What are the short and long-term workplace trends in a post-Covid world?
There are many factors which influence trends in workspace design and workplace culture, so planning for life after Covid-19 is no easy task for businesses that want to look ahead in 2021.
What is most complicated for employers is working out what new trends in the workplace environment are temporary, and perhaps stay in place for only a few months as people adjust, and which will be around for the long term.
Talking to clients across all sectors, a picture is starting to build of what are some of the short and long term trends and how it might look further down the line.
The hygiene screens
A screen to shield computer users from their colleagues, and to prevent germs spreading from one workstation to another, is pretty much number one on the list for all businesses. We can expect to see them in offices across the city.
Spacing between desks
We are seeing a lot of businesses remove desks to increase space – but many are putting those desks in storage rather than throwing them away. It suggests they see the current re-design as a temporary measure.
Working from home
There have been a lot of articles already about the death of the office, suggesting more and more people will work from home in future having done so without problems during the social-distancing curbs.
However, not all businesses share that prediction. Many believe that homeworking will stay for the remainder of the year but will morph into flexible working after that – an environment in which people spend some time in the office and some at home.
We have heard of companies that want to end their lease and either move somewhere smaller or even do without an office long term. However, the advice in the industry is not to be too hasty giving up space. Let things settle down and see how it pans out. We believe the office will be back.
Closure of collaborative and creative workspace
On-trend workspace design until now was aimed at introducing areas where people would meet and collaborate in the office. Small pods, for instance, where there was a big screen and a cosy atmosphere to inspire ideas and creativity. That’s going to change. It’s certainly gone for this year. But don’t bank on it disappearing all together. Some designers believe people’s attitudes will change within a year and once we can give our family members a hug, people will feel more confident in the office, providing Covid-19 is under control.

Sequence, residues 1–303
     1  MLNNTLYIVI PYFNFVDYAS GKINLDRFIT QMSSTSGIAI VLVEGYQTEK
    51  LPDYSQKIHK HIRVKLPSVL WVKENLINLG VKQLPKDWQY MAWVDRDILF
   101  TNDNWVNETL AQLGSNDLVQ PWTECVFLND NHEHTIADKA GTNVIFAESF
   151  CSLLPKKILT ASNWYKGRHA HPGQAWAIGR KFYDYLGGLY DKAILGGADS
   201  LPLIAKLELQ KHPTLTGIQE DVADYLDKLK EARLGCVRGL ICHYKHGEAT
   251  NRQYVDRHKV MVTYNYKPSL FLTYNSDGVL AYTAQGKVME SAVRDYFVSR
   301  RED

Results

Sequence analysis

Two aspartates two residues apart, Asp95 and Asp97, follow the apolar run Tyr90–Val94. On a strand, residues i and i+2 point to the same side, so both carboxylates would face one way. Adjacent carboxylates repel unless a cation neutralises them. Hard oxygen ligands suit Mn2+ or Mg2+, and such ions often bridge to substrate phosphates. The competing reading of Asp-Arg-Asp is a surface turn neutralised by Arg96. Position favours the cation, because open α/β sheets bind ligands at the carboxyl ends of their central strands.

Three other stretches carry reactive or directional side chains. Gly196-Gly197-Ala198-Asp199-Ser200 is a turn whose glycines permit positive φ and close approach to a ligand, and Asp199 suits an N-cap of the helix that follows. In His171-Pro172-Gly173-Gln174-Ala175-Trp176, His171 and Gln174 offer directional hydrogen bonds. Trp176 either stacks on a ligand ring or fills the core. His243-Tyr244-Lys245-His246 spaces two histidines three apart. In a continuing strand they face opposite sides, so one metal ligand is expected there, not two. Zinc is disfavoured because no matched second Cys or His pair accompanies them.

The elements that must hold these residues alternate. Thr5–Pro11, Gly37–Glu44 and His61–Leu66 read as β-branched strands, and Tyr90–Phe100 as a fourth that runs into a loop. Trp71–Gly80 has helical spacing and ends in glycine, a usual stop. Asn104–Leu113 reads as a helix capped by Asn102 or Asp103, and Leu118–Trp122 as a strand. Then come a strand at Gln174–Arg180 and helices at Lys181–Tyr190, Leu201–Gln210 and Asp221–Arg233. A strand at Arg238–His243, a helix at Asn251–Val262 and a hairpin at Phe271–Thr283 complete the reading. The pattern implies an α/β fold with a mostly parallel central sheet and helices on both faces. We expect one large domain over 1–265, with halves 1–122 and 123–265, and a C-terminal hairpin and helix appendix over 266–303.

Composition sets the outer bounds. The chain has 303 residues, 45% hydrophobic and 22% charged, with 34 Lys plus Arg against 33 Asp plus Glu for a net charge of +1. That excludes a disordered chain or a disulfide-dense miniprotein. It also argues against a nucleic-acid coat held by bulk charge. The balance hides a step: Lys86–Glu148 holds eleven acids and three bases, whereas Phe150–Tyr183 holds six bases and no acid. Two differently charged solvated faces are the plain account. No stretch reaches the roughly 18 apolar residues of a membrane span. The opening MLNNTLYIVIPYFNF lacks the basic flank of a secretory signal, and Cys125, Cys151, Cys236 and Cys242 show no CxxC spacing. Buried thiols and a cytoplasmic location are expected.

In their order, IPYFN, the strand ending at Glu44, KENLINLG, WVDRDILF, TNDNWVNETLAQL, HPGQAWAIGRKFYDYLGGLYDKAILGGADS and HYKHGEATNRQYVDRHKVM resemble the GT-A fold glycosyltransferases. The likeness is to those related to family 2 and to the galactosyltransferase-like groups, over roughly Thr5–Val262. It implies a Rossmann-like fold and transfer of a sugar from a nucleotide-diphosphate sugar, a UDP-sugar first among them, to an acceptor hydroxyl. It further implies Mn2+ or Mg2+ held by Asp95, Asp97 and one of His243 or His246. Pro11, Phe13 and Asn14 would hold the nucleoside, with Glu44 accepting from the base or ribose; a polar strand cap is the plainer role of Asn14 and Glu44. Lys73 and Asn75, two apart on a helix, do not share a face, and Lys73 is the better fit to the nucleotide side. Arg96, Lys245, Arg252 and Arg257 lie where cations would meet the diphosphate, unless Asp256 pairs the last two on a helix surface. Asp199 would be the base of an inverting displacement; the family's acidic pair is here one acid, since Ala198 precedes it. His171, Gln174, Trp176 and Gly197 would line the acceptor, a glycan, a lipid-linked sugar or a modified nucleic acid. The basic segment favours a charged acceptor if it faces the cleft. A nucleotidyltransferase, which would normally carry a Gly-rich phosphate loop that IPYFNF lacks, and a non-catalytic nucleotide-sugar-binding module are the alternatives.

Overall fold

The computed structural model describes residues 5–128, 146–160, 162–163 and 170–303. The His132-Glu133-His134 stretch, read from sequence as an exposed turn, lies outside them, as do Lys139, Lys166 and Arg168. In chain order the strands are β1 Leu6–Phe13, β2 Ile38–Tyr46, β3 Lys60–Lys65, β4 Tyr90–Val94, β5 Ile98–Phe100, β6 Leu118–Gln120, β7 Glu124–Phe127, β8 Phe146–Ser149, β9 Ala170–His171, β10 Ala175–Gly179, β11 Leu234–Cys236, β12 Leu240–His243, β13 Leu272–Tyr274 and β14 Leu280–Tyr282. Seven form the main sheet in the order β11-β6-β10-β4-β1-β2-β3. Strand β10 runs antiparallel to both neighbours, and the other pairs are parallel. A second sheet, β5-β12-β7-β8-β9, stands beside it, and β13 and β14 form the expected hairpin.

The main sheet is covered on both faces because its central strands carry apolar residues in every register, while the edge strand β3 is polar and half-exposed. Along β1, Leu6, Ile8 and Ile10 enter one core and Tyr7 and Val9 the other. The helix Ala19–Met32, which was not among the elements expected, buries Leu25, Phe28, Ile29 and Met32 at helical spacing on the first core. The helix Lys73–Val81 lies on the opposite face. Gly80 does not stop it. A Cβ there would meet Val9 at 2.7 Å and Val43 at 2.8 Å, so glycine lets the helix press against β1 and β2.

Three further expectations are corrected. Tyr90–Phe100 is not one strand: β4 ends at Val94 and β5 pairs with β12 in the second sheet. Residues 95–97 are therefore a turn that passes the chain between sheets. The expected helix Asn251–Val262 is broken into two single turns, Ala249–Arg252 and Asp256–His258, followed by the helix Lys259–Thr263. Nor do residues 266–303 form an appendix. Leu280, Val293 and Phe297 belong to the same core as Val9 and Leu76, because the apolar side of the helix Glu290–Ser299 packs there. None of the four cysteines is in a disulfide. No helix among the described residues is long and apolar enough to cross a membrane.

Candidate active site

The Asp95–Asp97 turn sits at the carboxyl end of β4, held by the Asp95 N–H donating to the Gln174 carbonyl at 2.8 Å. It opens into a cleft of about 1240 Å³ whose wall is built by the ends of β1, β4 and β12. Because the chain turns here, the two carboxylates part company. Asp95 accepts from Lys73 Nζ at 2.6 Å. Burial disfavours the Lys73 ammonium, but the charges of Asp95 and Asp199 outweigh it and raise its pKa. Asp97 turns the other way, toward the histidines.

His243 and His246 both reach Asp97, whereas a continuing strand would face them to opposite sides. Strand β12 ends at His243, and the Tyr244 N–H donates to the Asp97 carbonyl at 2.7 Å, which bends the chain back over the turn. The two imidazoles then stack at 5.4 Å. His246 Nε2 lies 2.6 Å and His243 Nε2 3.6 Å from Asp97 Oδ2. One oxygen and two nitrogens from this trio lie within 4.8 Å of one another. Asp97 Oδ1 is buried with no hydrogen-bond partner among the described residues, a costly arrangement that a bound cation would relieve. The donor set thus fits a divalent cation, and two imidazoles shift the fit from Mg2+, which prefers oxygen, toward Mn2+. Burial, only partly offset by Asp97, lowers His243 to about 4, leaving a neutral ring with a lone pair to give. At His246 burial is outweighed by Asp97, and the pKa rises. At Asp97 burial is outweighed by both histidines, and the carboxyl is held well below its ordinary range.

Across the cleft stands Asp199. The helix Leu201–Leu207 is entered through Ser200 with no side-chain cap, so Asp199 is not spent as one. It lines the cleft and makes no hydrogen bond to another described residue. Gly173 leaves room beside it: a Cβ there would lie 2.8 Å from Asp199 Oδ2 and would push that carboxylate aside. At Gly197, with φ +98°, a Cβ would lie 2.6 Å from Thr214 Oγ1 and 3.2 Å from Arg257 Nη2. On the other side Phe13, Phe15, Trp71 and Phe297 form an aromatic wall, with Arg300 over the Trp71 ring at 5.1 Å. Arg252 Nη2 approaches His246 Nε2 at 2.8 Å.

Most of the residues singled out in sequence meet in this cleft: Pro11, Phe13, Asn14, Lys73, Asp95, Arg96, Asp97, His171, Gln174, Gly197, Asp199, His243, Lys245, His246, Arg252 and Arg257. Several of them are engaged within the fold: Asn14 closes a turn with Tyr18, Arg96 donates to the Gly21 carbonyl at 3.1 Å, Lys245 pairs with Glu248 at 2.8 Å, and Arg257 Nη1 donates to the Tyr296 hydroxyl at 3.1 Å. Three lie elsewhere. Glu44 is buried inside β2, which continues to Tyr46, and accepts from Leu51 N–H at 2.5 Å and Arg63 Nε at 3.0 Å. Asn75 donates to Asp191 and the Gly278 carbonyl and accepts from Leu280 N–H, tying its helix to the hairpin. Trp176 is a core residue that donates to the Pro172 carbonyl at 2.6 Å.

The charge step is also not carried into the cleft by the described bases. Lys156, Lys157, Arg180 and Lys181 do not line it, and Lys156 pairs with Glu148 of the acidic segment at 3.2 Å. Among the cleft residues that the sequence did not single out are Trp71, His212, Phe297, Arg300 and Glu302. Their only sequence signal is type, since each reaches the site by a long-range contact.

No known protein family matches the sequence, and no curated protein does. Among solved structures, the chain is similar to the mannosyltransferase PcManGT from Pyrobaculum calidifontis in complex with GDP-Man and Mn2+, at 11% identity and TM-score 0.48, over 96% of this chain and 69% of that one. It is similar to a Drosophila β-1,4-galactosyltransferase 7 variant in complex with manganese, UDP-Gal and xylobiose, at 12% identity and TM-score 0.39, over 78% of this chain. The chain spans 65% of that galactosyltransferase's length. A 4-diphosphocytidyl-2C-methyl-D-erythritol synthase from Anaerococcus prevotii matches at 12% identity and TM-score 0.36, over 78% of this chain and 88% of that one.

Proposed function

The end of hotdesking
We’ve spent many years getting everyone used to agile working and hotdesking, but with one eye permanently on the next pandemic it’s hard to see that trend surviving.
Many businesses may go back to a much more fixed position. Unless you have a cleaning regime in which every keyboard and every mouse is cleaned every few hours, then agile working does not work in the current conditions.
Ironically, it could also save the big office – because it means businesses do still need the footprint to incorporate all those desks. If a company has 5000 employees and wants 2000 of them in the office, there will need to be space.
Protecting against future pandemic through design – and location
When businesses go through tough times, they inevitably plan to ensure they can survive future upheavals. This happens in recessions, for instance, when companies centralize and de-centralize. When they are growing, they all want to be in the City offices. When things crash, they migrate out to cheaper destinations.
Crucially, businesses remain liable for the health and safety of employees even when they work outside of the office. We have seen major clients allowing staff to purchase home office setups and claim this back.
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Think office space and historically it would have been a bland room with a few desks, rows of computers, maybe some generic art on the wall, a water cooler in the corner and not much else. Thankfully offices have come a long way in the last 20 years and now increasingly reflect the diverse needs […]